Be sure to check out our Media Page:  https://restaurantexpertwitness.com/media-inquiries-restaurant-expert-witness-tv-radio-print-publications/

 

Restaurant Expert Witness Says, ‘Check Your Security Policy!’

Security Policies Save Lives

Restaurant Expert Witness Says, ‘Check Your Security Policy!’

 

Restaurant Expert Witness Says, 'Check Your Security Policy!'

 

Workplace violence in restaurants is a tragic and widespread problem. Just this weekend, a shooting in a Baltimore bar left 4 people dead. Below you’ll find an excerpt of Restaurant OSHA Safety and Security detailing steps you can take to keep your restaurant safe — and to save lives.


Restaurant OSHA Safety and Security

Chapter 51.  Security

Restaurants and bars are prime targets for robbery, burglary, theft, and other criminal and violent activity—due in large part to their odd hours of operation (early mornings and late nights), the number of diverse people from all demographics who frequent them, the serving of alcoholic beverages, and the large amounts of cash transactions that take place. Consider, for example, the following statistics:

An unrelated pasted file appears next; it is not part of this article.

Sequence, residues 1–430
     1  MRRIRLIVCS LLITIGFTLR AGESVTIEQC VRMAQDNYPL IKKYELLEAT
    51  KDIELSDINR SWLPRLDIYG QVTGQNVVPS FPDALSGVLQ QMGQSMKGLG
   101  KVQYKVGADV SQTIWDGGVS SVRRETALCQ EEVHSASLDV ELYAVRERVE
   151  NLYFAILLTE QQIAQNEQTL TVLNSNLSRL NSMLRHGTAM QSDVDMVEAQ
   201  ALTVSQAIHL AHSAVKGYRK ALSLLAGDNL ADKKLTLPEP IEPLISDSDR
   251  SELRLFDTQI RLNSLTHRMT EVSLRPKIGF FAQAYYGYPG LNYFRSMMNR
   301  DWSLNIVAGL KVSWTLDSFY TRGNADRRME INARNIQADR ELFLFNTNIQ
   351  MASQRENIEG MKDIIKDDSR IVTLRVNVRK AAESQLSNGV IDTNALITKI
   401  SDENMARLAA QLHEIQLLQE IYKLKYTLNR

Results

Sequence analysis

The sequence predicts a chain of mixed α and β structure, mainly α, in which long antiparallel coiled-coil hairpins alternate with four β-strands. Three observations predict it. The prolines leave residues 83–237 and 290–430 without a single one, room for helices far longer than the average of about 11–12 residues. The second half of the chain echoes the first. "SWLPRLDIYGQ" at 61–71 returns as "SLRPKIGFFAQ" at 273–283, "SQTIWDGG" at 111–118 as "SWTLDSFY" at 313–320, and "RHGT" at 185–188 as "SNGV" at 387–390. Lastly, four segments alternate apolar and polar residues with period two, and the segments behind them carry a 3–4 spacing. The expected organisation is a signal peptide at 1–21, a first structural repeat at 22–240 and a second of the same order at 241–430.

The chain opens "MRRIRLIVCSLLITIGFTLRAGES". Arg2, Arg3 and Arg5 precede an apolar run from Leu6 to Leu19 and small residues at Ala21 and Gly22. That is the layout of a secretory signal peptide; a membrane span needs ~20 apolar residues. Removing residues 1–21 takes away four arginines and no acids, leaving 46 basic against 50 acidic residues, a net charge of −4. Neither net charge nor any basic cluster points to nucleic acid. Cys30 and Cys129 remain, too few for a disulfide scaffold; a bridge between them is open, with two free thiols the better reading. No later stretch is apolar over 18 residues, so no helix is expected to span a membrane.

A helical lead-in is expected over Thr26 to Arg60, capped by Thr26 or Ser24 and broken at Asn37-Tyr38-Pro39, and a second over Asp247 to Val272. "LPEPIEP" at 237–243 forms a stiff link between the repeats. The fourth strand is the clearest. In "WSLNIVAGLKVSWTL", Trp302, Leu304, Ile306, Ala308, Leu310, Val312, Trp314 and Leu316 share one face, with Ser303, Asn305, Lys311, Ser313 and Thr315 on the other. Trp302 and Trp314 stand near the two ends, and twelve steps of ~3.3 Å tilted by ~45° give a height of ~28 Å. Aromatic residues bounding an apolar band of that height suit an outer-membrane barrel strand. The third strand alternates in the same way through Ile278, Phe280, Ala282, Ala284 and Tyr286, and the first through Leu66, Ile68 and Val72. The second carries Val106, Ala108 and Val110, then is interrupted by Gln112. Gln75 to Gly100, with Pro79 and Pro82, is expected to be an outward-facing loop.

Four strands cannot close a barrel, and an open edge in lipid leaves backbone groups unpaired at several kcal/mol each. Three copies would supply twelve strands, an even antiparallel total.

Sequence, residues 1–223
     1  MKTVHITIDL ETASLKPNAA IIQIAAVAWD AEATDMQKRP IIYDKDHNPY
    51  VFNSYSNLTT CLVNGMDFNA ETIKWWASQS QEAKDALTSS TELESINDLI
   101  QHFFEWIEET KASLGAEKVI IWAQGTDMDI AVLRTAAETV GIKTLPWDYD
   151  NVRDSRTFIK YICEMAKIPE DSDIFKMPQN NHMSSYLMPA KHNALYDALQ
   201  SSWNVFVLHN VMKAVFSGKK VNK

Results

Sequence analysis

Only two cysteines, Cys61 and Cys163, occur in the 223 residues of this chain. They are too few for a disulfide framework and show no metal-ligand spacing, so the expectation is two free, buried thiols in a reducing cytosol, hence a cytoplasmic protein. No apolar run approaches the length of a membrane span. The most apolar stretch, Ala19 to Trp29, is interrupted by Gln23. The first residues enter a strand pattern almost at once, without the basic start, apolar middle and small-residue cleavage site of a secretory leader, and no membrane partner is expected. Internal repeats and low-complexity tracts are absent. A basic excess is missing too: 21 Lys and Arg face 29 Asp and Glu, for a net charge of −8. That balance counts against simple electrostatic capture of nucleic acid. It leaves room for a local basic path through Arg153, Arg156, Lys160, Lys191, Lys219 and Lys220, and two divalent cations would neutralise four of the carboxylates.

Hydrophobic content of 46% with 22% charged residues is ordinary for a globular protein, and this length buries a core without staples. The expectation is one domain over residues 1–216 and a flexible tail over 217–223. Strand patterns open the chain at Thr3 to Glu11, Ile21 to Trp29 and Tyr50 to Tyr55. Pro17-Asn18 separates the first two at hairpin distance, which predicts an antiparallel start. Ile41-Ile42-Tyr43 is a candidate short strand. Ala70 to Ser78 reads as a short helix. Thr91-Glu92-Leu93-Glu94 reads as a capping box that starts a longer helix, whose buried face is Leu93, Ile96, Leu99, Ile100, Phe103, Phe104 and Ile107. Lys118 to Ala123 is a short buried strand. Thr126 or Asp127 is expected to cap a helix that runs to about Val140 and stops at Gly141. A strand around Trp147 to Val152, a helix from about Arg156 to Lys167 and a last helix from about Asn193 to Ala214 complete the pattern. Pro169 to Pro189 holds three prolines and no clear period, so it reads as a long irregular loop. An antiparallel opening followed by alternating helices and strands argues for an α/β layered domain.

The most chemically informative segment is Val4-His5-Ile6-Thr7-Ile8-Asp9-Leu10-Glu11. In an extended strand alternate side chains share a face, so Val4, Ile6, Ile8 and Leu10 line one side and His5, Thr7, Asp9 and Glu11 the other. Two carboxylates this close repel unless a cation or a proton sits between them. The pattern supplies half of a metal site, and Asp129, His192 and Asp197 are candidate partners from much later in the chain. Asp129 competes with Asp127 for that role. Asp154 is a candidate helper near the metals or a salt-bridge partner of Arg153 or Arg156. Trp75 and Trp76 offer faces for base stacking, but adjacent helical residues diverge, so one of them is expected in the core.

• There are more than one million restaurants in the United States
    • Over 14 million restaurant employees
    • 25 percent of all retail business establishments are restaurants
    • It is an annual $700+ billion industry
    • The average annual sales per restaurant is approximately $800,000
    • The average American eats out five times per week
    • One out of four Americans consume fast food each day
    • 33 percent of all EEOC sexual harassment claims come from the restaurant industry
    • 21 percent of all workplace robberies occur in restaurants and bars

51.1 Steps to Avoid Security Risks and Liabilities

Crimes committed in restaurants and bars often result in injuries, harm, and even death to employees and patrons. It is restaurant industry standard to have established written safety policies, practices, and procedures pertaining to restaurant security and to implement and train these policies, practices, and procedures on a continual and ongoing basis. Security matters include, but are not limited to: back door security, lighting security, security personnel (bouncers, doormen, etc.), crime prevention training (robbery prevention, response procedures, etc.), physical barriers, and surveillance and alarm systems (how to operate, disable, and engage, etc.).

51.2 Safe Work Practices

OSHA’s General Duty Clause requires employers to provide a safe and healthful workplace; employers who do not take reasonable steps to prevent or abate a recognized safety and security hazard can be cited. OSHA advises, and it is restaurant industry standard, to follow best practices and take preventative measures regarding safety and security; including, but not limited to, the following: